Society for Organizational Learning
May 15, 2007
When confronted with the complexity, magnitude, and in many cases the horror of current reality, many of us feel a mighty movement of the kind never before enacted would be required to make real change – that the magnitude of the response must be equal to the magnitude of the challenge. Our habit is thus to create big institutions – governments, businesses, agencies – that by virtue of the volume of the resources and sophistication of their policies, processes, technologies, and systems might somehow be up to the challenge. But, as we can easily observe, bigger messes aren’t being solved by bigger efforts. In fact, profound transformation of the kind that allows individuals and groups to perform extraordinary acts seems to arise from an invisible space, often outside of the prevailing structures and systems.
It’s always there, this invisible power within us – and appear suddenly, often unexpectedly, and then retreats again. But it’s there. We’ve all experienced times of crisis when we and others have tapped into the source to do and be in ways we never thought possible. What’s more, the source somehow allows us to take significant collective action in the absence of any structure, authority, rules and preordained rules. In these types of events, it is not external forms of power, organization, and process that guide, but rather an invisible yet powerful force that comes from inside us.
The Presencing Institute, just forming at the time of this writing, has set out to explore ways to create a “holding space,” the time and place and people and practices, strong enough to deal with both the current realities and co-creation of a better future. This group is intended to function as an action research network, a living lab, that could effect profound transformation across the many dimensions of our global and local systems – the web of relationships that sustain our lives through education and healthcare, government and business, environment and economies, societies and the local communities which reflect the whole.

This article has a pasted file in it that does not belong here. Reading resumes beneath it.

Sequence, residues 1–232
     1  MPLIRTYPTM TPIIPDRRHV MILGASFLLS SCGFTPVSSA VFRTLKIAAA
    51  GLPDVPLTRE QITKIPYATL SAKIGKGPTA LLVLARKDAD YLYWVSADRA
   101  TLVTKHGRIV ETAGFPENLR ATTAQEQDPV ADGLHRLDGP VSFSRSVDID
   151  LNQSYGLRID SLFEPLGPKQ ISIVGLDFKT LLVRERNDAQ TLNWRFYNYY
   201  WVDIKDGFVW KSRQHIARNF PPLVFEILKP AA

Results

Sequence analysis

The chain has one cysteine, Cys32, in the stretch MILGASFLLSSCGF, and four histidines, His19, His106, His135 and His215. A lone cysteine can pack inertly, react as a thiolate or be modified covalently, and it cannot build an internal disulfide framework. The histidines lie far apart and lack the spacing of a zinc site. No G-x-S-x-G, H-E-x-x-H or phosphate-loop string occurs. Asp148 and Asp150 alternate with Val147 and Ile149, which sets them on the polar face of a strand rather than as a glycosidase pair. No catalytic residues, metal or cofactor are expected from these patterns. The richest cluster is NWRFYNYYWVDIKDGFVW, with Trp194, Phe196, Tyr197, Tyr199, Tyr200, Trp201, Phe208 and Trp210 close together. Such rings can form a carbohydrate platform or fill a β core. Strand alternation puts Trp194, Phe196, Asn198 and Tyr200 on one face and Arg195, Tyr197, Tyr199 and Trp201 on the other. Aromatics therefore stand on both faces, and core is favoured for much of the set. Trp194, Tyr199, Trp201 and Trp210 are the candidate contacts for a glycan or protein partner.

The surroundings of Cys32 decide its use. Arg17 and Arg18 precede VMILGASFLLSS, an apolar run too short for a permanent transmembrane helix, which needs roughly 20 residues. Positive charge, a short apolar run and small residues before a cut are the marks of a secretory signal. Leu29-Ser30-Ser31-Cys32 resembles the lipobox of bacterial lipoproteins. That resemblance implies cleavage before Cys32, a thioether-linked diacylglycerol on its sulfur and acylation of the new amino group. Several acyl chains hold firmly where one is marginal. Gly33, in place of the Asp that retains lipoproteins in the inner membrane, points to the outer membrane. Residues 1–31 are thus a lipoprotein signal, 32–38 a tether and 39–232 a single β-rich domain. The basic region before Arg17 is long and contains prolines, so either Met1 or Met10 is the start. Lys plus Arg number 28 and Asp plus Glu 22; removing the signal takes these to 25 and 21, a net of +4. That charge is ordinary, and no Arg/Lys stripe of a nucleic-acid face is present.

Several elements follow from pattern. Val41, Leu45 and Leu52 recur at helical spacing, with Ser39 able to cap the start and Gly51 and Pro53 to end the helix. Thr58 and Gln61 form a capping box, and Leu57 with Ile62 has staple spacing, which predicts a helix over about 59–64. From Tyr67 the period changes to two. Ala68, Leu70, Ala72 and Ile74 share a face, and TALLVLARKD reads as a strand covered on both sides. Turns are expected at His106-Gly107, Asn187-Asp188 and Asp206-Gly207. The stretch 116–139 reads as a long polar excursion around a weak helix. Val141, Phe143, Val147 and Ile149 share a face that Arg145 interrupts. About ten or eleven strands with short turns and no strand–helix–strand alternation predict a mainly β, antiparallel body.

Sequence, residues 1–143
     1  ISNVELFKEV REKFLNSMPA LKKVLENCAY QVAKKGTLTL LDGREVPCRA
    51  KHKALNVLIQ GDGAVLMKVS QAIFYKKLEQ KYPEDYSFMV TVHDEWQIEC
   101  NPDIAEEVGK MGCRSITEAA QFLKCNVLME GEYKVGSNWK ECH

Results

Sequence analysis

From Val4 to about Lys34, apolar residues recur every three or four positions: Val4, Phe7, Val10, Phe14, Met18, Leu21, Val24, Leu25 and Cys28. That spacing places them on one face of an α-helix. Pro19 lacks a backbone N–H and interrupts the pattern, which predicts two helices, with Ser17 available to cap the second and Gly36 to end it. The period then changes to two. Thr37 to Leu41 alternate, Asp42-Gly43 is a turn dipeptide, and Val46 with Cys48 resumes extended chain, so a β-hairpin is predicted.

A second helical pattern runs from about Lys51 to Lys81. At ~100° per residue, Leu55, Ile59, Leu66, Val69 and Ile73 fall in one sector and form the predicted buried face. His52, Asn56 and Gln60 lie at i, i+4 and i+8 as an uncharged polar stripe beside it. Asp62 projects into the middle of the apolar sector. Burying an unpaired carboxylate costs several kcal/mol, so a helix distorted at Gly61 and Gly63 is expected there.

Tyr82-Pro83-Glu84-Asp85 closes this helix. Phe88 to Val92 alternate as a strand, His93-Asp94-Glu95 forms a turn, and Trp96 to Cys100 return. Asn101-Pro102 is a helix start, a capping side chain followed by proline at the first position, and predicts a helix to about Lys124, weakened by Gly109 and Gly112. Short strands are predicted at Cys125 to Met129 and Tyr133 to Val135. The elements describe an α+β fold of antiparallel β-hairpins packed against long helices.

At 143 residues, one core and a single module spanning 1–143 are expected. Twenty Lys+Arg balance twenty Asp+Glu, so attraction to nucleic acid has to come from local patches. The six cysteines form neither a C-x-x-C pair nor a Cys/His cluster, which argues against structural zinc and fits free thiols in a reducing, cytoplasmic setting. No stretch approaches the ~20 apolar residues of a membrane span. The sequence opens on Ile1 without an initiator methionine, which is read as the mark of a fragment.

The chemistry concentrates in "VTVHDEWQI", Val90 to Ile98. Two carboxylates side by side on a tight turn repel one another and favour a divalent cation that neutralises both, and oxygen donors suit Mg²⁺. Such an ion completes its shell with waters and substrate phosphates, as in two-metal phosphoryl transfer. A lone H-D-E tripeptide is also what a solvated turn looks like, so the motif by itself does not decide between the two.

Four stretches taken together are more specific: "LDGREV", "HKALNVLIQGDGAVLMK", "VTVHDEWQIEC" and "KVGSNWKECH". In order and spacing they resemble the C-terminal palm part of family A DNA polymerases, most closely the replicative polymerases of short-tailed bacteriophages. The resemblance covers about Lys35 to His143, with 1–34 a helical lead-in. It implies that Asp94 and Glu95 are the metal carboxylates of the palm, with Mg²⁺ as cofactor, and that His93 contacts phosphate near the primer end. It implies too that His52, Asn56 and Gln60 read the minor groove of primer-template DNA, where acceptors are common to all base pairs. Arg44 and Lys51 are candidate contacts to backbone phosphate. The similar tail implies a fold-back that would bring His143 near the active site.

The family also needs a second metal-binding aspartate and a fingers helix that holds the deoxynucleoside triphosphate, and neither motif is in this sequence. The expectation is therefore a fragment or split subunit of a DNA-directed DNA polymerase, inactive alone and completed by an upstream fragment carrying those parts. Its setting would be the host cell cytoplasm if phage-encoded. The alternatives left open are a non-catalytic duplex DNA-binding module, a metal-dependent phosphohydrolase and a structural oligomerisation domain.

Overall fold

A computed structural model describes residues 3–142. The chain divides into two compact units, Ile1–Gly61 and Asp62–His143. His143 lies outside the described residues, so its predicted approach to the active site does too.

Tracy Huston works with leaders from business, education, healthcare, and local communities in developing the capacities and practices needed to enact systemic transformation. As a consultant and coach in support of large system change initiatives, her work focuses on the integration of personal, relational, and systemic conditions that enable both individual and collective to achieve the results they want. She continues to collaborate with others and developing new social technologies needed to generate social innovation.
Tracy is the founder of the Menlo Lab, and an active member of the Presencing Institute and the Society for Organizational Learning.